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At the Children’s Pastors Conference last week, I had the opportunity to teach a breakout session on the future of Children’s Ministry, specifically for the year 2025. I enjoyed researching my generation of Millennial parents and both my daughters’ generation, Generation Alpha, those born 2010-2025.

These two groups will make up the children and families who we minister to in 2025, and there is surprisingly a lot we can already know or predict about their future. In the breakout, I gave 5 objectives for effective Children’s Ministry in 2025. You can read the first four objectives in these previous posts:

Part 1      Part 2      Part 3      Part 4

One of the interesting shifts we see in the coming generations centers on diversity. Millennials represent the most diverse generation we have ever seen. According to 2012 census data, 60% of 18 to 29-year-olds are non-Hispanic white. That is down from 70% in previous generations. Additionally, 11% of millennials are born to at least one immigrant parent.

But millennials will not hold the title of “Most Diverse Generation” for long because Generation Alpha represents an even greater shift across the American landscape. In 2015, the U.S. Census Bureau reported that the population of racial or ethnic minority babies was 50.2 percent. This marks a historical change because “minority” children have now become the majority.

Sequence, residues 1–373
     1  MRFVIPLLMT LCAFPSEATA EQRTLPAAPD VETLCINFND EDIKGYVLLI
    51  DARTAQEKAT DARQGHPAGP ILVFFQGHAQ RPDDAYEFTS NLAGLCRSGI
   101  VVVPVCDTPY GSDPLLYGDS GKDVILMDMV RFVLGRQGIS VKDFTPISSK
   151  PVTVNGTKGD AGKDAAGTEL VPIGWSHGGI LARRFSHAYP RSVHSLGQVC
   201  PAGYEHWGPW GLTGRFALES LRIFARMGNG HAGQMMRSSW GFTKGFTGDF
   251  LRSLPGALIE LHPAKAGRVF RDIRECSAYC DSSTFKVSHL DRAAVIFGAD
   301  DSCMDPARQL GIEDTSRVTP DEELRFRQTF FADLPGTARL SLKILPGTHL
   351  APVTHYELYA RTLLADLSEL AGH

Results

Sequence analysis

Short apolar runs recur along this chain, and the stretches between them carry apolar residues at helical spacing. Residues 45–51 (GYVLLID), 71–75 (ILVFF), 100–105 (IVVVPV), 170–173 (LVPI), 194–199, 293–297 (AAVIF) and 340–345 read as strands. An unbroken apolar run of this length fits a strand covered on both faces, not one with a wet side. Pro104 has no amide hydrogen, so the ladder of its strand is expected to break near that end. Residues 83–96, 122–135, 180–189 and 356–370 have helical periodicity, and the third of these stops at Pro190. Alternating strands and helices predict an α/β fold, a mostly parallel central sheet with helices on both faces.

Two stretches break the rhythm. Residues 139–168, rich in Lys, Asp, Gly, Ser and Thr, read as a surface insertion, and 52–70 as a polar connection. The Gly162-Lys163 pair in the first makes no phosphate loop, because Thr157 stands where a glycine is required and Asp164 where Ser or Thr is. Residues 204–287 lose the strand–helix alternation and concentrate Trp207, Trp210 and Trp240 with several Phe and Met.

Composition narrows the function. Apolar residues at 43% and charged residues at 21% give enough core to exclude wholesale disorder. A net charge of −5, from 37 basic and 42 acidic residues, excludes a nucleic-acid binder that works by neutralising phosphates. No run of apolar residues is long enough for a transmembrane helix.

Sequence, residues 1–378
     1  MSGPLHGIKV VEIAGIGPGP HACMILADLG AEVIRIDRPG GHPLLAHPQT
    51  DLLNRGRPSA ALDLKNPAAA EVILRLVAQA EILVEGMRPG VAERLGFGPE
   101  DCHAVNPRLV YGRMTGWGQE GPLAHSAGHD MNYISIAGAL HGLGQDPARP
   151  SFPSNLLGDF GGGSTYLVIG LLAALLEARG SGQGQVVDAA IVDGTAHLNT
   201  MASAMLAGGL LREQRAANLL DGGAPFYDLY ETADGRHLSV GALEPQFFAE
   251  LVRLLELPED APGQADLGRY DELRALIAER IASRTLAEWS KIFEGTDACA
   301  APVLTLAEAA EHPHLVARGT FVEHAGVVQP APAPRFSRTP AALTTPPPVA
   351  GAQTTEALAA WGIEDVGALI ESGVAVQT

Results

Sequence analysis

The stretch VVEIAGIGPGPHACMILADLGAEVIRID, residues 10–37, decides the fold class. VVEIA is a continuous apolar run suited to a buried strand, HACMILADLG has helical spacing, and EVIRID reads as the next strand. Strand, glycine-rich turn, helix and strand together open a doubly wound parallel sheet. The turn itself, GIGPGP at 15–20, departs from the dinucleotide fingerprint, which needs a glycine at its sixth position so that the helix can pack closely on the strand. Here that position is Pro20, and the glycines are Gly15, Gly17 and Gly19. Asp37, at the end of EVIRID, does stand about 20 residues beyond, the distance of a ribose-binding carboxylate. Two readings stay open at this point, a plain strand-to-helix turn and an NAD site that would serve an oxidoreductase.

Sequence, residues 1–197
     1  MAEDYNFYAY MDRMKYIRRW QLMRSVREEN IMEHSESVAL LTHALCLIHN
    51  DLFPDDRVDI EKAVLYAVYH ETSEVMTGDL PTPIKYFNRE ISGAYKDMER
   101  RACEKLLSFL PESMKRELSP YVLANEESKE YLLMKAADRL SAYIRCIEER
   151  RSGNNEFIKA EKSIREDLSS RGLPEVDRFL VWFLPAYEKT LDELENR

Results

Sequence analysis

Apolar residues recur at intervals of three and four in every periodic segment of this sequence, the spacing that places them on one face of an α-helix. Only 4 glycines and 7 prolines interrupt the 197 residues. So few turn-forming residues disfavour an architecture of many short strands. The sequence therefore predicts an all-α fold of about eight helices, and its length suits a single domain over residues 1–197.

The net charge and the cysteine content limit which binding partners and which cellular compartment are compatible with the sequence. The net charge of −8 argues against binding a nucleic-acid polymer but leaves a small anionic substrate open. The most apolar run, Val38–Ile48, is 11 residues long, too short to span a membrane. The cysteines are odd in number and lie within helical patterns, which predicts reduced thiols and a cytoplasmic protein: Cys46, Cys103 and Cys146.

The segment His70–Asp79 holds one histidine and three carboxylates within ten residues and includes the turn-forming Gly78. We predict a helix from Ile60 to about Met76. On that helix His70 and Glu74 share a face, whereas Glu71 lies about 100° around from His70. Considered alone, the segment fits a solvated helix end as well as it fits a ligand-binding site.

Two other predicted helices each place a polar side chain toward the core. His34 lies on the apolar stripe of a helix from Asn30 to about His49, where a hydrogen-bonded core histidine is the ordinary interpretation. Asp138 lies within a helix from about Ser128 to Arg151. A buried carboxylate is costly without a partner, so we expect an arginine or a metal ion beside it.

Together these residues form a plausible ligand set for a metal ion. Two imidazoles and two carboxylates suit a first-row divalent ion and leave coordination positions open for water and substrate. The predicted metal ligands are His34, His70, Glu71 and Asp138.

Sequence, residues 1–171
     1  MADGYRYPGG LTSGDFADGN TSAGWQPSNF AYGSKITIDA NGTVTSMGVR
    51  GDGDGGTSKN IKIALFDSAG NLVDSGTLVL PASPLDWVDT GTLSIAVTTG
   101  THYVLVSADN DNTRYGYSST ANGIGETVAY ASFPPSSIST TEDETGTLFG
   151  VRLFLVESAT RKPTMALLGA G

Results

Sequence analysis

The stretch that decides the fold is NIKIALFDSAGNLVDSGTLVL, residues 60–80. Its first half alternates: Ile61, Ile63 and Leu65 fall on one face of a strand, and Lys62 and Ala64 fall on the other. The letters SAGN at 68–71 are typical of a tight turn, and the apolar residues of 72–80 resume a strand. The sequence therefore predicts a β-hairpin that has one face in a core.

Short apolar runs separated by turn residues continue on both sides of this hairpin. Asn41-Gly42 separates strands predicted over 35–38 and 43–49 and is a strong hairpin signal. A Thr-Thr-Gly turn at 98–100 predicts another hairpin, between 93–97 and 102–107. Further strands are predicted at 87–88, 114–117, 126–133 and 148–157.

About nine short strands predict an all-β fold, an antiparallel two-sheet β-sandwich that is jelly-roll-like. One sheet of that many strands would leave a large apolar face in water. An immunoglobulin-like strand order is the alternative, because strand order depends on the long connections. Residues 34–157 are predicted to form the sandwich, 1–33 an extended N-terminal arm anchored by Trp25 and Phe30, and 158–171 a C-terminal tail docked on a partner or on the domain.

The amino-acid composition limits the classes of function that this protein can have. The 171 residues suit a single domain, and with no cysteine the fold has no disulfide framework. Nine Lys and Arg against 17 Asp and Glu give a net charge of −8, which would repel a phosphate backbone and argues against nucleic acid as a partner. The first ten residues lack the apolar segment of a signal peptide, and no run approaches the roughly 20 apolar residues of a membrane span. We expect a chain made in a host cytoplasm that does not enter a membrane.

Data reports that this shift has already been seeing the U.S. Public Schools. In the 2014-15 school year, minority student enrollment in public schools surpassed that of white students.

It is reported that by the year 2020 (certainly by the year 2025), “non-whites” are expected to become the majority of U.S. children.

This leads to the fifth and final objective:

An effective children’s ministry in the year 2025 will…

Build a Volunteer Team Whose Diversity Mirrors The Community They Reach

The next 10 years will see big changes in what the American family looks like. The community around your church is likely already very diverse. But is that diversity represented on Sunday morning?

If not, be open enough to discuss the reasons why someone might not feel welcome or accepted. Consider the unintentional messages that might deter someone from worshipping with your family. Be bold enough to make changes that will form intentional relationships with those of different race and ethnicity in order to better understand how the Gospel unites us all under the banner of Christ.

And if your church is experiencing a shift in diversity,  praise God for the opportunity to taste of what worshipping in Heaven just might be like!